"There is no such thing as a perfect resume. This is particularly true when changing industries, functionalities, or upgrading a job role. Career transitions require a higher-level targeted approach. The best resume, employers say, is the one that portrays the candidate as a solution-provider. Prove you can make their problems go away and you'll get hired."
Certainly lying should be avoided. A good reason can be found with the notable case of Scott Thompson, the former CEO of Yahoo, who had to leave his job after an activist shareholder firm alleged that he’d lied about his college degree. The allegations turned out to be true: Rather than the dual degree in accounting and computer science that Thompson claimed he’d earned from Stonehill College, he’d obtained “just” the accounting degree. Oops.
But you don’t have to be considered for the top job to still mess up. Your resume lies could persist in your job and could trip you up when it comes time to be assigned to a project that you claimed expertise but don’t really have. Do you really want to keep lying to your co-workers long after you are hired?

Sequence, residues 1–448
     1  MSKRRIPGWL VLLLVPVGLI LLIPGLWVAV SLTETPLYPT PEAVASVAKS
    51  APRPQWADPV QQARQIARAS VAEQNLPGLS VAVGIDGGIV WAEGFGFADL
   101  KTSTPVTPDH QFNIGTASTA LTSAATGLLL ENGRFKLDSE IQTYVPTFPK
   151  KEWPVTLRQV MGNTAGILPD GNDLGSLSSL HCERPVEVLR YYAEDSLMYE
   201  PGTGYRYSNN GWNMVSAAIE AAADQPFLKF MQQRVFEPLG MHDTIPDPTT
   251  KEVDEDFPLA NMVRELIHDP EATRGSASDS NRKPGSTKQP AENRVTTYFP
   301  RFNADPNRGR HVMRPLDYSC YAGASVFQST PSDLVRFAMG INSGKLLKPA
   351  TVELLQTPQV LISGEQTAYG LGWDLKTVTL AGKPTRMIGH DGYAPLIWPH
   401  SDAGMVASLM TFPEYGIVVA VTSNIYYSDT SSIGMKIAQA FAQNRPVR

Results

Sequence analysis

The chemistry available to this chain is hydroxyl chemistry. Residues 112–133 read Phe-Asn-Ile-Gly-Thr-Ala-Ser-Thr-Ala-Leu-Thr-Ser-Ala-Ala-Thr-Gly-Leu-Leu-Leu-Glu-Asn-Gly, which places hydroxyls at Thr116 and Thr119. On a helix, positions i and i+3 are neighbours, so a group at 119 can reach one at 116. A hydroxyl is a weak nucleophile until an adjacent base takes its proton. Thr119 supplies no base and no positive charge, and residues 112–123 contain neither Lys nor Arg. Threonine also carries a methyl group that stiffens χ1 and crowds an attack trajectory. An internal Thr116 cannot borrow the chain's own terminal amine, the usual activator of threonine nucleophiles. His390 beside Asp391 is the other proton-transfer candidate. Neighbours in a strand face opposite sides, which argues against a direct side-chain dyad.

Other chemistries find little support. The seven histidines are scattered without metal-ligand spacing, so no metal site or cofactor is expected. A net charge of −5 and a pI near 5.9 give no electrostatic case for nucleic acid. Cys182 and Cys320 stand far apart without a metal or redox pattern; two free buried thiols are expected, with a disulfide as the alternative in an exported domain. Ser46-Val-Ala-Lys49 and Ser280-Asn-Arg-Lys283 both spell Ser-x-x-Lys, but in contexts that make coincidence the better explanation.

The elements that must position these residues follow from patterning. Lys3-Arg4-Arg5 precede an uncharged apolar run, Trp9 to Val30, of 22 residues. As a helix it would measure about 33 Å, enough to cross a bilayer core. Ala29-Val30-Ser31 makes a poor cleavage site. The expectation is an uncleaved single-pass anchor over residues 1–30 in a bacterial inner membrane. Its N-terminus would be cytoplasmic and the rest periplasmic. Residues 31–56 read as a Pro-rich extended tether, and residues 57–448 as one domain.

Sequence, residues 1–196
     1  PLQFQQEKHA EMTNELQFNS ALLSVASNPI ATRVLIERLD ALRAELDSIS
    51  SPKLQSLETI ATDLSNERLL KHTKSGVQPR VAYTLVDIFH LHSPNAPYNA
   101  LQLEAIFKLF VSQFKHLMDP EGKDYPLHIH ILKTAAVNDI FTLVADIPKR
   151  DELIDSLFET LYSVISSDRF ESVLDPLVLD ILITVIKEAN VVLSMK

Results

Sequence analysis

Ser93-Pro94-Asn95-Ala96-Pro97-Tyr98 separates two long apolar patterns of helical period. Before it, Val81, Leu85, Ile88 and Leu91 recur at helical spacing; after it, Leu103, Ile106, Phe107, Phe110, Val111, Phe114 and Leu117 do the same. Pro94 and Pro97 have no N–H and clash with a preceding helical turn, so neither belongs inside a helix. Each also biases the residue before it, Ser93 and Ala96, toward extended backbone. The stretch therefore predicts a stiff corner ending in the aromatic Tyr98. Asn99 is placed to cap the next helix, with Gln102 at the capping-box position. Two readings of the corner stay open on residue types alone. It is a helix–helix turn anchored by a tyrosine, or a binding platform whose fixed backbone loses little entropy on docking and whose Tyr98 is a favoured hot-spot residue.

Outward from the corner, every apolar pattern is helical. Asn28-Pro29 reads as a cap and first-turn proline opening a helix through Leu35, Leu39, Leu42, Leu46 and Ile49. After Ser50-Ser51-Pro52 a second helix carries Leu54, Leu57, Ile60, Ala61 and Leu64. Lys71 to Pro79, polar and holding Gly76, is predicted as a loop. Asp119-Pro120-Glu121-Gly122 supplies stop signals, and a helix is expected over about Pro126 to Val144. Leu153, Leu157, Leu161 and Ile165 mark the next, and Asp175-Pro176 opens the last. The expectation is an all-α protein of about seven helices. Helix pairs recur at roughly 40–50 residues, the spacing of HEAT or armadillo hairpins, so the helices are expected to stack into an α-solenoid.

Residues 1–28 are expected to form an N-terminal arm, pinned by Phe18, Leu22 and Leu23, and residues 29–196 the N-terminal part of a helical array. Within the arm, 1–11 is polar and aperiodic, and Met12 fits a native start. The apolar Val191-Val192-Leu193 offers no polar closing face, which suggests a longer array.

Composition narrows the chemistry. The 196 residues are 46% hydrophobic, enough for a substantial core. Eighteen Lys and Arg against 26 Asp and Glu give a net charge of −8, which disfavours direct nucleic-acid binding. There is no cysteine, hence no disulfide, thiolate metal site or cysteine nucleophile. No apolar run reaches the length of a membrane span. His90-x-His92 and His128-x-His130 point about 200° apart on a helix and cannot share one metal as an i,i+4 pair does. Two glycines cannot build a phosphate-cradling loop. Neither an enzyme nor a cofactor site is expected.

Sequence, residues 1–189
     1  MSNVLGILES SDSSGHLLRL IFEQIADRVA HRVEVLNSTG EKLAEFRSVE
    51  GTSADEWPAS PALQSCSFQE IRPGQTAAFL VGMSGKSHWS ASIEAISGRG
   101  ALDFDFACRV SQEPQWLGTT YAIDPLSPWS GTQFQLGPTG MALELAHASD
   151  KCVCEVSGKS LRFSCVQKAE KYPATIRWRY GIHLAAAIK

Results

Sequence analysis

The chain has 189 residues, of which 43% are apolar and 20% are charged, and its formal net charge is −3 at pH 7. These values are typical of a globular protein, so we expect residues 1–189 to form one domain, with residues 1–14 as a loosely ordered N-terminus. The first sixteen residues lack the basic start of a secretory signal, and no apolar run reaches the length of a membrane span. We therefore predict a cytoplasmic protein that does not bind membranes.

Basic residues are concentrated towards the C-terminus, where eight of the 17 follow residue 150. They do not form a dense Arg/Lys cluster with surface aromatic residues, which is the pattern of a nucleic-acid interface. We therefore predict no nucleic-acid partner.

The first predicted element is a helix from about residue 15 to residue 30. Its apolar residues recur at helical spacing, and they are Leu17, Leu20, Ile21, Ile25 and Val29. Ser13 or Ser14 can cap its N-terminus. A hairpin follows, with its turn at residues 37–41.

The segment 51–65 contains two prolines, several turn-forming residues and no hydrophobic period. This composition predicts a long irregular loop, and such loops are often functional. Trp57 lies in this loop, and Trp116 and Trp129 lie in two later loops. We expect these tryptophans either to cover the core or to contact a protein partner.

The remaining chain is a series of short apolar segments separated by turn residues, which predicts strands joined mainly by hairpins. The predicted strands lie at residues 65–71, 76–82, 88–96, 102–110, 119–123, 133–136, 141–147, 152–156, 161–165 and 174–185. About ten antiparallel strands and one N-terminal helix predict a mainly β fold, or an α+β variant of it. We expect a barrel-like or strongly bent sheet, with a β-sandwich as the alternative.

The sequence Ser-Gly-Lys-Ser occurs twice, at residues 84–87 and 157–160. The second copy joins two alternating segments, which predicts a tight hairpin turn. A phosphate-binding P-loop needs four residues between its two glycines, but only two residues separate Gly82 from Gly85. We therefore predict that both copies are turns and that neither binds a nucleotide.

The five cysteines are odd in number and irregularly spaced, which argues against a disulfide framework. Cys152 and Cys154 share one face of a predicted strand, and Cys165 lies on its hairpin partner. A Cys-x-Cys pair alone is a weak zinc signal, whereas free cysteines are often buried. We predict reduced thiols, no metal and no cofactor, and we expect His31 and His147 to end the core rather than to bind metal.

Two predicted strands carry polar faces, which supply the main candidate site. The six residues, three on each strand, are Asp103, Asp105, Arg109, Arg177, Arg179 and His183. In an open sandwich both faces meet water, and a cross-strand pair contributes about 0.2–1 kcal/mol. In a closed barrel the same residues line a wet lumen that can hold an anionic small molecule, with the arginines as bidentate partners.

Think about why you are tempted: are you uncomfortable about how you left your last job? Did you not get along with your boss? If so, find someone else you worked with whom you had a better relationship and who can evaluate your achievements in a better light.
Also, look at what are the gaps in your resume and how you can best market yourself around them, or start thinking about getting training or volunteering for particular projects that can help you fill these gaps so you will be more attractive in the next position.
As the US News reporter says, “No potential employer expects you to be perfect. And if they won't hire you because of the truth, it's not the right role for you.”